Emerging Disease Problem to Worsen

Posted on November 30, 2005

Science Daily reports that Dr Andrew Cunningham has warned in the British Medical Journal that the problem of emerging diseases like SARS, Ebola and the West Nile Virus is likely to worsen.
One of the major drivers is closer human contact with wildlife, primarily caused by human encroachment into, and modification of, wildlife habitat. For example, Ebola virus outbreaks often are linked to hunting for "bushmeat" or to mining development, and the AIDS pandemic originated from human encroachment into African forests for food.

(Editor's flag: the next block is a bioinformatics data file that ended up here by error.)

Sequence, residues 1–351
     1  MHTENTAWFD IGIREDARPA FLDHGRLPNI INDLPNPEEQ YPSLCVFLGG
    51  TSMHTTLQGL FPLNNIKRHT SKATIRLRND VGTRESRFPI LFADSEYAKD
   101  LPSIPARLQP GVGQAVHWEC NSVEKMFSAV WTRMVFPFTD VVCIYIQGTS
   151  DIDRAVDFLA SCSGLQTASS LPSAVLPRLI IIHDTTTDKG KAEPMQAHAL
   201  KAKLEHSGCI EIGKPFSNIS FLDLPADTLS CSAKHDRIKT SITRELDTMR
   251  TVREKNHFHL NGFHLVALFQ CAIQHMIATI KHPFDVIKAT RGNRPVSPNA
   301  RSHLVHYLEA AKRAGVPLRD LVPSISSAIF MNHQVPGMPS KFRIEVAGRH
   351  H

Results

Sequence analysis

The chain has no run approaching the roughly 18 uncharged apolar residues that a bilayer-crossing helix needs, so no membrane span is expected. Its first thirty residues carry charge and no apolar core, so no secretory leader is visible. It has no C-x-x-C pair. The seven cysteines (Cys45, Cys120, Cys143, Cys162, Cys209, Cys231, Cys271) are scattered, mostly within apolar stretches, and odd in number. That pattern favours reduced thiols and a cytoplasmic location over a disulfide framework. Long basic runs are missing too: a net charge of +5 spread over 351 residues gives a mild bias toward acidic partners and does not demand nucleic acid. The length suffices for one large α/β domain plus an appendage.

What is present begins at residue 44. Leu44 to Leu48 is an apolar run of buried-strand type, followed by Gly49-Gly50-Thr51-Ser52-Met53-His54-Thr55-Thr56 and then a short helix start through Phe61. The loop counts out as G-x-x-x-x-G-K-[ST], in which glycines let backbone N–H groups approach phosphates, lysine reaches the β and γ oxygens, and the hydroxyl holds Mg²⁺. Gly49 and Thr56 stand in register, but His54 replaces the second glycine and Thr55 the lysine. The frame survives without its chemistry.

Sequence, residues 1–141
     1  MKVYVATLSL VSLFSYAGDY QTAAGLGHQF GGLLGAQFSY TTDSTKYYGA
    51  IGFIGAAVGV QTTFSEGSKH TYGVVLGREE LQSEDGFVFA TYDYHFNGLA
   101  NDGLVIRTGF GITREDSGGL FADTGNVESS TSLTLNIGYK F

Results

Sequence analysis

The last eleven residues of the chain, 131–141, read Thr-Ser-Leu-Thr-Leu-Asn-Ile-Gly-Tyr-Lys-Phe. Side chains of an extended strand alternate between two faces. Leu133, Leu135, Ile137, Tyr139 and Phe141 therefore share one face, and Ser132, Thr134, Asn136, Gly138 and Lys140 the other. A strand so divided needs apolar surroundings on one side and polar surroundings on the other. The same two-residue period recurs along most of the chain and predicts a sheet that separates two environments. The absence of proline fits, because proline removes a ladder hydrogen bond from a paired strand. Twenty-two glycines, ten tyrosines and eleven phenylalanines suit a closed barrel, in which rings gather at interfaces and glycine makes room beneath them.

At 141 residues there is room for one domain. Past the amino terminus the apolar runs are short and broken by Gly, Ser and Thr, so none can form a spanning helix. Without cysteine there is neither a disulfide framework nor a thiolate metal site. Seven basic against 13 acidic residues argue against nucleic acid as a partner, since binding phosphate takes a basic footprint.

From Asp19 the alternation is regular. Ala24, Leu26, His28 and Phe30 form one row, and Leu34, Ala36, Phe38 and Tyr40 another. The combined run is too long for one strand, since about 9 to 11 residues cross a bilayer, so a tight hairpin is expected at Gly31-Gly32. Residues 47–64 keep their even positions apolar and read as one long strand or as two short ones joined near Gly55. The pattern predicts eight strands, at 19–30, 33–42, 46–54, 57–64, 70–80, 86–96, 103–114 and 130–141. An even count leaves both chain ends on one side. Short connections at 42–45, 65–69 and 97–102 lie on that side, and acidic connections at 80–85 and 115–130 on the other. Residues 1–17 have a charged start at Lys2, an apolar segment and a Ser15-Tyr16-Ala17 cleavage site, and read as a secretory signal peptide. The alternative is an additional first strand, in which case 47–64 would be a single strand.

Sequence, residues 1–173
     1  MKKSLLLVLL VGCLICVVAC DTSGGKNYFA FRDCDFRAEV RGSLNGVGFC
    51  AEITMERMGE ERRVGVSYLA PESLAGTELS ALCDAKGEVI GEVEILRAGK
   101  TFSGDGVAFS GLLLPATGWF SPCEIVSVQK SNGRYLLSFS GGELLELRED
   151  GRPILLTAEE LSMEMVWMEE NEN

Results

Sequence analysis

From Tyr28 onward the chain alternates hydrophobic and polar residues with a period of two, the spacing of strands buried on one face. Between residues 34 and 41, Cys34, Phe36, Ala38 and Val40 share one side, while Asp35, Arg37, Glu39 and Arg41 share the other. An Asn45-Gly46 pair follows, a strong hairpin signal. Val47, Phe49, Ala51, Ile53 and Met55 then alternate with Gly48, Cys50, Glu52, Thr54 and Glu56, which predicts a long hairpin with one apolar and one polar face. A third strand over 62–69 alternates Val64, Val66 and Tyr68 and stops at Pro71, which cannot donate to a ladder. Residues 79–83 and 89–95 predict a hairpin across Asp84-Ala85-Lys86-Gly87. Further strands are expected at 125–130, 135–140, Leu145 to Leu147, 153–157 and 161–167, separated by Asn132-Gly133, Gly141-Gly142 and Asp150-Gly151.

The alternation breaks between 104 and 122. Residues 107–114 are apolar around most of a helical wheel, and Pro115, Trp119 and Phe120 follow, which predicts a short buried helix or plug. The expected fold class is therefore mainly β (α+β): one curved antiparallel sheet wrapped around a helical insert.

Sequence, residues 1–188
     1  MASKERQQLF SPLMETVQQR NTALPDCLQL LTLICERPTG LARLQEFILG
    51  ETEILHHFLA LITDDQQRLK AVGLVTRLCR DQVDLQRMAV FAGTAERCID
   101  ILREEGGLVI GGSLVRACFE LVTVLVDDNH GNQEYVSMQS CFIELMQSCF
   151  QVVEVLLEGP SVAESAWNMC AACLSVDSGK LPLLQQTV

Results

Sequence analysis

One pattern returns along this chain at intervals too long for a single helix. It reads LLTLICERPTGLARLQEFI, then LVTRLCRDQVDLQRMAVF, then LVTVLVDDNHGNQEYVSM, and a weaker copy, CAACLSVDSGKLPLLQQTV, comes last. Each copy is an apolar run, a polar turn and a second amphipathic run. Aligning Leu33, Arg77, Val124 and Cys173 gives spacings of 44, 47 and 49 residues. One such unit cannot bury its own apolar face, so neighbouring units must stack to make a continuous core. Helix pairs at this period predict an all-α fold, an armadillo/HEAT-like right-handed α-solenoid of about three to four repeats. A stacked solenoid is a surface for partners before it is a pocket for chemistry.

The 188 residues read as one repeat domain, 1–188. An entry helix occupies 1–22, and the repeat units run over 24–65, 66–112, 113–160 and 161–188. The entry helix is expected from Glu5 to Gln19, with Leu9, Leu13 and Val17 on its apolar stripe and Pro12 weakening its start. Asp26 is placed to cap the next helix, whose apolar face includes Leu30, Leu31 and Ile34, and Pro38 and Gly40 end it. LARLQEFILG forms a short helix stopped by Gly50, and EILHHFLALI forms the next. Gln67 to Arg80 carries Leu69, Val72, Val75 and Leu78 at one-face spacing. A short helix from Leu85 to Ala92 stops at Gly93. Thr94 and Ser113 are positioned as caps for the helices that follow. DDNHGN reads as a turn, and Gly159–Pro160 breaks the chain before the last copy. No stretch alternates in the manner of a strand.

The rise in international trade and travel is also important. The emergence of West Nile virus in North America, and AIDS and SARS globally, for example, arose from such travel and trade.

This globalisation of people and products is difficult to control and is largely related to increasing air transportation. With world air travel expected to grow at about 5% a year for at least the next 20 years, the problem of emerging infectious diseases will continue to grow, he warns.
As humans continue to dig deeper into the jungles and other less traveled areas of the globe it seems likely that it is just a matter of time before we encounter another ebola or SARS type of virus. Hopefully, we will be able to stop it fairly quickly like we were with SARS -- thanks to the hard work of scientists from the WHO.

More from Science Space & Robots


  • New Species of Neon-Colored Fish Discovered


  • Atlas Robot Jumps Over Log and Bounds Up High Steps


  • MobiLimb: Robotic Finger for Smartphones and Tablets